Thanks to Cumbres del Martial Mountain Lodge

Cumbres del Martial in Ushuaia

We would like to thank Cumbres del Martial for hosting us in Ushuaia before our trip to Antarctica. The quaint forest lodge and its spectacular location at the Martial Glacier trailhead overlooking the Beagle Channel felt like our home away from home in Ushuaia. The owner Maria, Belen, Antonella and visiting German intern Valerie went out of their way to make us feel welcome from the moment we arrived.

Room at  Cumbres del Martial

The beautiful red architecture of Cumbres del Martial so came to represent remote Ushuaia for us that we made the unprecedented decision to choose the hotel entrance as our lead picture for the entire Ushuaia post. We loved wandering around the charming grounds and sitting on the rocks next to the Buena Esperanza stream that flows by the hotel. We also really enjoyed that sauna to warm up a bit after our hike to the glacier.

Even if you don’t stay in the hotel, try to stop by at the teahouse for a meal or a hot drink, or at least drop into the gift shop. That will give you a chance to soak up a bit of Maria’s unique forest fairytale vibe and check out the pretty buildings.

If you would like to find out more about Cumbres del Martial’s different rooms, restaurant and tea house, visit them at

Breakfast at Cumbres del Martial

Disclosure: While staying in Ushuaia, we were guests of Cumbres del Martial as well as Museo Marítimo de Ushuaia. However, all of the opinions expressed here are our own.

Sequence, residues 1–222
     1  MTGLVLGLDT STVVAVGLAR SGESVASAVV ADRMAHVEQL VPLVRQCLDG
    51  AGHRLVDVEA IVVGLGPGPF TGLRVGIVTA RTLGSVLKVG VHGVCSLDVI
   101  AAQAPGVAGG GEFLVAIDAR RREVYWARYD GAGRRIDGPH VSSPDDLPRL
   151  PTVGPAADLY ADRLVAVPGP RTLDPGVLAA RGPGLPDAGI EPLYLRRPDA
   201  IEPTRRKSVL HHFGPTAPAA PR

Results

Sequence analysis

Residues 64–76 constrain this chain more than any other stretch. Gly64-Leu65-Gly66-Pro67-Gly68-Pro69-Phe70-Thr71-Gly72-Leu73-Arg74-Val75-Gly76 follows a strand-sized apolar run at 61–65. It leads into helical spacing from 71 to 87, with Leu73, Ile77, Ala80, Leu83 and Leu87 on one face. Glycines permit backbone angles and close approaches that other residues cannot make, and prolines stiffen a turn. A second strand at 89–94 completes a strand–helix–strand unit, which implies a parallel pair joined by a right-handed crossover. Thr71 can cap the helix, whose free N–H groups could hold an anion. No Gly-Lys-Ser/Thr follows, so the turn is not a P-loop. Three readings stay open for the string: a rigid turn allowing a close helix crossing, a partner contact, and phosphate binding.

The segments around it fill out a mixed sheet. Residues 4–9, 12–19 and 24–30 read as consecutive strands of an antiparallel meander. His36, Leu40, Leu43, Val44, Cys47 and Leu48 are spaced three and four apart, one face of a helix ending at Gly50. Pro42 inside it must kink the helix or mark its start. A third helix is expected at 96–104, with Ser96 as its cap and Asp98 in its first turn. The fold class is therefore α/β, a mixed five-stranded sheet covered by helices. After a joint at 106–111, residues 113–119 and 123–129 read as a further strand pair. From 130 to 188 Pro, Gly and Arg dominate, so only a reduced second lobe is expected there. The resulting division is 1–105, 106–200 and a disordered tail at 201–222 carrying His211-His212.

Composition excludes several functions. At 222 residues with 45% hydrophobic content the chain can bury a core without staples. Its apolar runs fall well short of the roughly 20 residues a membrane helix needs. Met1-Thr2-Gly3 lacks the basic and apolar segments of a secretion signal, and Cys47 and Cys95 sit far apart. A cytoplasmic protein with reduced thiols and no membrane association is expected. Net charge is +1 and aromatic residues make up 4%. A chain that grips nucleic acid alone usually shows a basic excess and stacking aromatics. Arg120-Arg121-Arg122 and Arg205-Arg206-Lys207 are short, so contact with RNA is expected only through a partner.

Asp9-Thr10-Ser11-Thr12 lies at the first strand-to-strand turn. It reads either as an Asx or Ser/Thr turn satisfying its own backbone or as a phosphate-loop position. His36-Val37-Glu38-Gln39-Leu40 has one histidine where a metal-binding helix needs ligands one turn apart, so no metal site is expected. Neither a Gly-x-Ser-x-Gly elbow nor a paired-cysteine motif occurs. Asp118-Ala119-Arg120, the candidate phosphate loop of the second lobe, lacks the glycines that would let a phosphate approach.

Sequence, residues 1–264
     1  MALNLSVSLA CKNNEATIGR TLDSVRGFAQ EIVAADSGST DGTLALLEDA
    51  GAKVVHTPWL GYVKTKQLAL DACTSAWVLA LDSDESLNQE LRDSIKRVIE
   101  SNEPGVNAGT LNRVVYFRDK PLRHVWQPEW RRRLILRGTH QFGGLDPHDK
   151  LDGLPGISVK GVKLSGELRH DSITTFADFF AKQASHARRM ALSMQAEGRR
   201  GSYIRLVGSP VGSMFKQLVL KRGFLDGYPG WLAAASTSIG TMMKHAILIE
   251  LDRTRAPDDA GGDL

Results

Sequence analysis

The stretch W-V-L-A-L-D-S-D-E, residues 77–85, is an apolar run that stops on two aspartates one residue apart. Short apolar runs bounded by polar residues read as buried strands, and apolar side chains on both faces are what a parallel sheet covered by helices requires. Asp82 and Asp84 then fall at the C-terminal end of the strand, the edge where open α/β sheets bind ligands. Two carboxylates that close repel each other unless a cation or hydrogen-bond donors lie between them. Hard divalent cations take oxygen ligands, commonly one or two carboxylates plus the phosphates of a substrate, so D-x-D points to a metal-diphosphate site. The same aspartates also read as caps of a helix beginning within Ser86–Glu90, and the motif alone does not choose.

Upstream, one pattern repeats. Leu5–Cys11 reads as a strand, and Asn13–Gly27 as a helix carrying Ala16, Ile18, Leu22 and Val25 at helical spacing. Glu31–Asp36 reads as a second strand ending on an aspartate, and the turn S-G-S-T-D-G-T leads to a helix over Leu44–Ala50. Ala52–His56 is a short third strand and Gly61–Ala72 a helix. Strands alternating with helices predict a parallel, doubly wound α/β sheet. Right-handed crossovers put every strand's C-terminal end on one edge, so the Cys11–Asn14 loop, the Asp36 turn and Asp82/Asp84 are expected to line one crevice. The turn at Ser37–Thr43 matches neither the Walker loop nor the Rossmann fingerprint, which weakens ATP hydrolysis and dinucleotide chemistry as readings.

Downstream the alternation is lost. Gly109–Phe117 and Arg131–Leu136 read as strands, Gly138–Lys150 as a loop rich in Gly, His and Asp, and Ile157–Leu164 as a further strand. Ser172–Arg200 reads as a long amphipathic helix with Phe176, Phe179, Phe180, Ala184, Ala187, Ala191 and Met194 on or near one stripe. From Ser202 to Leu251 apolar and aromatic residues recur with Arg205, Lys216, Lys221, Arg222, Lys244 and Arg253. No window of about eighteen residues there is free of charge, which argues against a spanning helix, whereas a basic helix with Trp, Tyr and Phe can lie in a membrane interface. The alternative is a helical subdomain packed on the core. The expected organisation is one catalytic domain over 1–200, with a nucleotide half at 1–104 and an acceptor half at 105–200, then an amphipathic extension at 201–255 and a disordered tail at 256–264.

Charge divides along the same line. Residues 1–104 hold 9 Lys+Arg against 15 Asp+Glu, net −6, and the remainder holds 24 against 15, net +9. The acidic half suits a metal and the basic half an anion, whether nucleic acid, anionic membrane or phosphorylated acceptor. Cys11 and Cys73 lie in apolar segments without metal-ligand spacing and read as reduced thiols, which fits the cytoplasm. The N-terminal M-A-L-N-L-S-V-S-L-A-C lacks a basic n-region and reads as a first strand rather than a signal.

10 responses to “Ushuaia: The City at the End of the World”

  1. avatar Halli says:

    That hotel looks like a little gingerbread house. I didn’t realize Ushuaia was so beautiful. I had two friends who visited when they went to Antarctica a few years ago and they made it sound like a boring grey port.

    • avatar Tony says:

      It probably depends on the weather you have while visiting as well as how much you get out and hike. We loved Ushuaia and there is almost unlimited potential for hiking and explorations further afield.

  2. avatar Shane says:

    Damn, I can’t believe I missed the penguin with Marilyn on it.

  3. avatar Debni says:

    Is it easy to hike from Ushuaia town, or do you need to organize transportation to the starting points? Thanks.

    • avatar Tony says:

      You can take inexpensive public transport to the Martial Glacier trail and there are several trails behind Ushuaia which are within walking distance, but they are not clearly marked, so you will have to ask around. There are also transfers to Tierra del Fuego National Park near Ushuaia where many people go to hike.

  4. avatar Debni says:

    Our time is limited. With just one day, which hike would you do?

    • avatar Tony says:

      @Debni, Both areas are quite nice. If I had to choose, I would probably go to the national park and do the longer hike along the water.

  5. avatar Bama says:

    Never thought Ushuaia would be this interesting. The hiking trail looks beautiful, the hotel pretty, and the museum… interesting! So sad to know that there’s only one Yaghan speaker left. Hopefully there has been effort to study the language to prevent it from extinction.

    • avatar Tony says:

      @Bama, Yes, there’s a ton to do here, but organized options are pricey. The surrounding area has huge tourism potential. There is a Yaghan dictionary and recordings. I don’t know how extensively the language has been documented.

  6. avatar Kelly says:

    Ushuaia sounds fab. We’ll definitely set some time aside when we do our Antarctica trip next year.

Leave a Reply

Your email address will not be published. Required fields are marked *

This site uses Akismet to reduce spam. Learn how your comment data is processed.